Q: How long did you plan for this?
A: Sylvan and Laddy planned the trip a few months in advance. The style of our team was adaptation, boldness, and ballistic decision-making. This was not a very safe approach, but luckily it worked anyway. The preparation was very short. Maybe two months passed between completion of the team and departure. Everything was planned on WhatsApp (a texting service). We met Fabio, who I had never met before, at the airport, and Laddy just a few days before. Antoine decided to come one week before departure when a previous teammate bailed, putting aside his guide exam and summer work! The human factor was a huge uncertainty, as we barely knew each other. I had never left on such a project with people I did not know, German Swiss to top that–they have quite a rigid reputation that turned out very far from the truth!
Q: The press release says the team “lacked kayaking experience”–what, if any, was the level of paddling or ocean experience going into it?
A: Lacking kayaking experience is a weak statement. I had kayaked a few times on the small lake of Passy in the lower Chamonix Valley in France, zigzagging between screaming children. I quickly decided the real challenge was climbing the wall, and I should go climbing instead. How wrong I was. The rest of the team had more kayaking experience than myself. Our captain, Laddy, had a considerable level of expertise. The first three days of paddling were a real agony as I didn’t have the same technique as my companions and had to compensate with physical power. When I finally had the paddling down, I was so tired that every muscle from my little toe to my ear was aching. The kayaking alternated between days of calm fiords, where the monotony would drive me half mad, and days of open sea were survival was the only thought. Overall the experience was very difficult and strenuous. I felt pretty stupid to be out in the North Atlantic Ocean, in 3-degree Celsius water, with little or no experience. Without Laddy I believe I would be fish bait at the bottom of the ocean by now!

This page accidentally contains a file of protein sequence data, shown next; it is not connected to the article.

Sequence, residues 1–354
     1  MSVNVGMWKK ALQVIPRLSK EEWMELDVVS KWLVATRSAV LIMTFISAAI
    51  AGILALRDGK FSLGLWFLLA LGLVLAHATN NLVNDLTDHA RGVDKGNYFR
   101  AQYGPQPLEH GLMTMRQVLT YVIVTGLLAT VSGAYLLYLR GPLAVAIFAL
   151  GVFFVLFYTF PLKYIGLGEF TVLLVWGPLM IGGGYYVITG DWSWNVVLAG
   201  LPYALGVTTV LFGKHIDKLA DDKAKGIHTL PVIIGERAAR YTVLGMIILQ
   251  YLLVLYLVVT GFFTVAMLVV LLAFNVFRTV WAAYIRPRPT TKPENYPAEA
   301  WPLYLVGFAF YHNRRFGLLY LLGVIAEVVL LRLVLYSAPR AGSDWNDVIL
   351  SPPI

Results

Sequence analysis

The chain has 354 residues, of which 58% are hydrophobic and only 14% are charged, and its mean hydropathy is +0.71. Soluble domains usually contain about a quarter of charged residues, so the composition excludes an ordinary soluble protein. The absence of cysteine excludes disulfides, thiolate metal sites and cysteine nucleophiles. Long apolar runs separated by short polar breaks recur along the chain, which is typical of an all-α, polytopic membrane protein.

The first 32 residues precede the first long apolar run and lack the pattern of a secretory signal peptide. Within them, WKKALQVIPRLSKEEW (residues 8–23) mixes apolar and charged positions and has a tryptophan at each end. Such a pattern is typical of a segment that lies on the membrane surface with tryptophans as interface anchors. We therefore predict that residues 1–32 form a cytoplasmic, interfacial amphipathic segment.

Q: What did you learn about sea kayaking by the end of the trip?
A: I learned so much about sea kayaking. Unfortunately I decided I shall never sea kayak again, so it’s all pretty useless now!
Q: How much weight did each of you carry in his boat?
A: A rough estimation would be that we had about 60 to 70 kilograms in each kayak. We had a Swiss cheese sponsor so we had 25 kilograms of really good cheese! It was really cool to transport so much gear on our own power. In that sense kayaks are the perfect combination for approaching a wall by fair means.
Q: What was the best moment for you?
A: One of the best moments for me was paddling with the whales. You feel so small on the water. We are used to being the top of the food chain but in Greenland things are the other way around. Orcas, whales, polar bears–you are a potential snack and it feels quite humbling!